Trends in credit card fraud

Plastic payments: trends in credit card fraud

Keith Slotter

“The future, my boy, is in plastics.” When Dustin Hoffman’s neighbor uttered this line in The Graduate, little did he know how prescient the statement would be, at least as it applies to the credit card industry. Although, the character was not referring to credit cards back when the film was released in 1967, no one can deny that the credit card market has been booming during the past 30 years.

Industries that expand at such a rapid rate often are vulnerable to fraud schemes devised by those seeking to capitalize on newfound criminal opportunities, dated security measures, and outdated laws. The credit card sector is no exception.

Approximately 124 million of the 193 million adults in the United States owned at least one credit card in 1994.(1) Experts expect this gap to narrow over the next 6 years at a rate of about 2.8 million new cardholders per year, as credit card companies inundate prospective customers nationwide with more than 2.7 billion mailings and pitches.(2)

The New York Times noted that “…the sheer pace of this growth raises the question of whether credit card lending is following in the checkered tradition of loans to third world countries and speculative real estate developers.”(3) Indeed, recent statistical data indicate that credit card fraud is growing in proportion to industry advancements.

Around the world, bank card fraud losses to Visa and MasterCard alone have increased from $110 million in 1980 to an estimated $1.63 billion in 1995.(4) The United States has suffered the bulk of these losses – approximately $875 million for 1995 alone. This is not surprising because 71 percent of all worldwide revolving credit cards in circulation were issued in this country.(5)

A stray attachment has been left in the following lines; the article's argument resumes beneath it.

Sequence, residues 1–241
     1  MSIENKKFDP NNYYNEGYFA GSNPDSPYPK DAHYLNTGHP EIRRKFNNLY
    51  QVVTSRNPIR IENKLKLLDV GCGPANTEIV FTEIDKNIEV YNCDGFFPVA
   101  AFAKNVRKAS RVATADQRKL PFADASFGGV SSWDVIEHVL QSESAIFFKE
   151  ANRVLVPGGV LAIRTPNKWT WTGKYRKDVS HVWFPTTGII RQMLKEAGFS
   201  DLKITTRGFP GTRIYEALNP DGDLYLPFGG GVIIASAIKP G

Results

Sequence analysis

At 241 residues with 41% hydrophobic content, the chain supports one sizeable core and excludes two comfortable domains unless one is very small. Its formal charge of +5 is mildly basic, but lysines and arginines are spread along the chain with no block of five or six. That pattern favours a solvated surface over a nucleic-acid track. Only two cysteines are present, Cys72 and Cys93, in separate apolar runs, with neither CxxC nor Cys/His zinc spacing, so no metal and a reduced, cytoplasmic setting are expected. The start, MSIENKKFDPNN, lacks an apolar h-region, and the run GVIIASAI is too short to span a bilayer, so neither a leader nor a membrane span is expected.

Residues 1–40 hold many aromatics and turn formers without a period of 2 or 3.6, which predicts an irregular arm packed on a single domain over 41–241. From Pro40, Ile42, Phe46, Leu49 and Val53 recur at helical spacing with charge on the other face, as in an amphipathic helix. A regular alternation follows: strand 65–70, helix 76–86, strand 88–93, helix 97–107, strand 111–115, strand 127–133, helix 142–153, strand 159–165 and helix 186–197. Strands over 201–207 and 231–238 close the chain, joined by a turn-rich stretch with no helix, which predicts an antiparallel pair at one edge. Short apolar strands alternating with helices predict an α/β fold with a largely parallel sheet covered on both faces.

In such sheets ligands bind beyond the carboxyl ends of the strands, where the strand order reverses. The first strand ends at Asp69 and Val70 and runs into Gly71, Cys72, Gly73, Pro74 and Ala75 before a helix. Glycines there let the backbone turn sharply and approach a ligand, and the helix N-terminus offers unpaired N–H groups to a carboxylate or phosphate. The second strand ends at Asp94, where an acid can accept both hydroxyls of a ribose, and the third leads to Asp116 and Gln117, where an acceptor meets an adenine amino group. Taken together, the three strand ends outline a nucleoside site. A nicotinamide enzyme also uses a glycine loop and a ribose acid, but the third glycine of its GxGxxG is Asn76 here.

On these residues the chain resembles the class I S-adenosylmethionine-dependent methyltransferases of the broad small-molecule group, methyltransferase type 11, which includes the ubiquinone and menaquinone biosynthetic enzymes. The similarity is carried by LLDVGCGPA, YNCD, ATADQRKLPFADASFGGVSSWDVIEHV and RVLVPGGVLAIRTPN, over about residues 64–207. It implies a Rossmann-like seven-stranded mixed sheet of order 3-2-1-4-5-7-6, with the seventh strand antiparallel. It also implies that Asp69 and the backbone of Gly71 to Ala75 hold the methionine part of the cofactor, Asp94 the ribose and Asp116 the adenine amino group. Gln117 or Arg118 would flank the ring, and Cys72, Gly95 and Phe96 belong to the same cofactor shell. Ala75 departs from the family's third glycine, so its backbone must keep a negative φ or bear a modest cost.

Law enforcement authorities continually confront new and complex schemes involving credit card frauds committed against financial institutions and bank card companies. Perpetrators run the gamut from individuals with easy access to credit card information – such as credit agency officials, airline baggage handlers, and mail carriers, both public and private – to organized groups, usually from similar ethnic backgrounds, involved in large-scale card theft, manipulation, and counterfeiting activities. Although current bank card fraud operations are numerous and varied, several schemes account for the majority of the industry’s losses by taking advantage of dated technology, customer negligence, and laws peculiar to the industry.